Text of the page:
Tripwire does not have the capability to automatically tailor rules in the policy file (to minimize report volume) by watching a system over a period of time in order to recommend rule changes. At install time, the distributed policy file per processor/OS type is just a static file that comes with the distribution. The install procedure does not customize the file based on simple criteria, such as the presence of certain files or filesystem structures revealed by the mount table. Furthermore, it excludes some important files (e.g. the root crontab). Since the same template policy file per processor/OS type results upon install, a lengthy tuning process is required with each machine in order to minimize useless report output. Currently, there is no way around this problem other than to try to make the tuning process as quick as possible until most noise is tuned out. In the meantime, a history mechanism would significantly lessen the urgency of tuning.

Report Formats

Although the commercial Tripwire product has five report formats, none of them offers a maximally-abbreviated single-line format that provides violation type, filename, and changed attribute keys in a single line. (Tripwire's closest format is level 1, which provides only violation type and filename.) The default (level 3) format is a multiple-line format that is time-consuming to use. In many cases, the signature associated with a changed attribute isn't even of interest (for example, who wants to stare at an MD5 signature?) and, in many cases, the signature associated with a file attribute could change frequently and defeat history. So it is ultimately up to the system administrator to inspect the attribute or file in question before doing database or policy update. We parse the default Tripwire format into a single-line-per-file, 3-field format which looks like:

a /etc/inet/core
m /etc/passwd smCM
r /local/etc/named.foobar 

Although file attribute values are currently not included in the report, file content signatures may be added at a later time if automated diffs are implemented (see "Automated File Diffs" below).

Ease of Maintenance

Tripwire database and policy file maintenance are made easier if the Tripwire admin does not have to remember argument switches and long filenames. Maintenance time is also a good time to enforce security issues that the harried or newbie administrator might forget, such as making sure Tripwire passwords are protected by doing an update on the system console or via a secure shell link.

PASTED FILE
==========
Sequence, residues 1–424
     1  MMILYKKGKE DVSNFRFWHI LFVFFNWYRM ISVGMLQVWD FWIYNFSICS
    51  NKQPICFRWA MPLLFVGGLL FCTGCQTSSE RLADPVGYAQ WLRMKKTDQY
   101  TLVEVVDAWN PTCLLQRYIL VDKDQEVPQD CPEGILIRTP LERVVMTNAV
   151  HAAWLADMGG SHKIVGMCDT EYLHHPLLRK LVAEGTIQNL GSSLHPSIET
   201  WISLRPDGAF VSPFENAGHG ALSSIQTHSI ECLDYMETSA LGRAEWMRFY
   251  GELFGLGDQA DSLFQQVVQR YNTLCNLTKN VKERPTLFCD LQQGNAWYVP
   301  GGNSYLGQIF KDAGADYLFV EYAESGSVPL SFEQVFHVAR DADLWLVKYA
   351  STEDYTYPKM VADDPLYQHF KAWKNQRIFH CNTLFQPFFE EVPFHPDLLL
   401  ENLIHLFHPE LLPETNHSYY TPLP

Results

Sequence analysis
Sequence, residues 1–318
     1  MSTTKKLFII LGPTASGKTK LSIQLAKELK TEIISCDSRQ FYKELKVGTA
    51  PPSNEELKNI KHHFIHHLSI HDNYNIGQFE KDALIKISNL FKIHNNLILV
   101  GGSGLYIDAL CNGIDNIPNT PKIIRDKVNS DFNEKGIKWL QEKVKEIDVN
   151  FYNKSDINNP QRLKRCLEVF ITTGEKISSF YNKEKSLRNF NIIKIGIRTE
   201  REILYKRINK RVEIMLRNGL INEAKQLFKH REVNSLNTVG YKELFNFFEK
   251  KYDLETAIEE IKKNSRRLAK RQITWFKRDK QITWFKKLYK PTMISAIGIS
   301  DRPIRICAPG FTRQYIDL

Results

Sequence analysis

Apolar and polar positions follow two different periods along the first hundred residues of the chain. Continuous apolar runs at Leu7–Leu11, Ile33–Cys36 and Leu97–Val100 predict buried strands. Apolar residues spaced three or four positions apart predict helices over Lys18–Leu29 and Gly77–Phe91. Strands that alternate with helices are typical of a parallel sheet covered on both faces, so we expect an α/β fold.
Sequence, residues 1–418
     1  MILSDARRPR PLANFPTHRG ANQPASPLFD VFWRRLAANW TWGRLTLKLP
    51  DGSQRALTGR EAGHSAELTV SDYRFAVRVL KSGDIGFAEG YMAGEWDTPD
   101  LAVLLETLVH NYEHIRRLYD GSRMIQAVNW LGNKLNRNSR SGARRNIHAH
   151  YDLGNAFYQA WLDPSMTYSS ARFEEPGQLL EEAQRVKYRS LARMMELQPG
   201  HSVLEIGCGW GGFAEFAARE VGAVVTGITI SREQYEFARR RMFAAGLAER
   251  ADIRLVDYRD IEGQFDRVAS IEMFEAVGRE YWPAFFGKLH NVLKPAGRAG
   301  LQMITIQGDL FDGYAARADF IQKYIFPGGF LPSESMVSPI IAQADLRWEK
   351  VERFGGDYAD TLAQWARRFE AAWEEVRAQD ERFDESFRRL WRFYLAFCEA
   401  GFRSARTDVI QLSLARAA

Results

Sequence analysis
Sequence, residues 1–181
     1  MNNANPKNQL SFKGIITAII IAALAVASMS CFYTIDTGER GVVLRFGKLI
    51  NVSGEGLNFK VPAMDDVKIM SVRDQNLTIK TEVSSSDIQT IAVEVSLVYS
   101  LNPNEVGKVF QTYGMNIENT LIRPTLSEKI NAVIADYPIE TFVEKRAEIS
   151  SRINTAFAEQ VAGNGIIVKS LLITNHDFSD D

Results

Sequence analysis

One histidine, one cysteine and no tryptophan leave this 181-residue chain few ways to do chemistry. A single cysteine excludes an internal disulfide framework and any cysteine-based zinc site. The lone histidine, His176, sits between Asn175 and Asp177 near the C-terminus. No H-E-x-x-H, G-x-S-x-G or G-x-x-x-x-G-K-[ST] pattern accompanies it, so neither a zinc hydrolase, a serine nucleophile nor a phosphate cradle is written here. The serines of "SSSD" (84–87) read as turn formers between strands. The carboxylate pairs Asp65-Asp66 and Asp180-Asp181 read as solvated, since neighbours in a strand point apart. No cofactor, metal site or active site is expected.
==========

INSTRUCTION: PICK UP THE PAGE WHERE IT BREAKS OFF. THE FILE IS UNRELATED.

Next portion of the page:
Lack of Regular Expressions

The Tripwire policy file allows complete exclusion or lower security policies on directory trees. However, it does not allow exclusion or changed security policies on regular expressions for filenames. Directories in which pseudo-random filenames are created by utilities that are not always under the Tripwire administrator's control - other than places like /tmp where they are expected - create "noise" in report output.

Another aspect of the regular expression problems is that it is not possible to instruct Tripwire to report on the addition of filenames that have historically been associated with cracking activity, for example: "/tmp/\..*".

E-Mail Report Minimization

Tripwire now allows e-mail reporting to go to different addresses for different portions of a machine's filesystems. Unfortunately, smaller organizations don't have the staff to assign responsibility for a system to several people. The best approach for such small organizations is to have no more than one report per Tripwire check run, and to have one primary person responsible per system.

Reducing the Time Sinks of Tripwire

Despite the numerous shortcomings listed above, it is possible reduce the labor and anxiety required to use the base Tripwire product, Tripwire for Servers, by taking the following steps: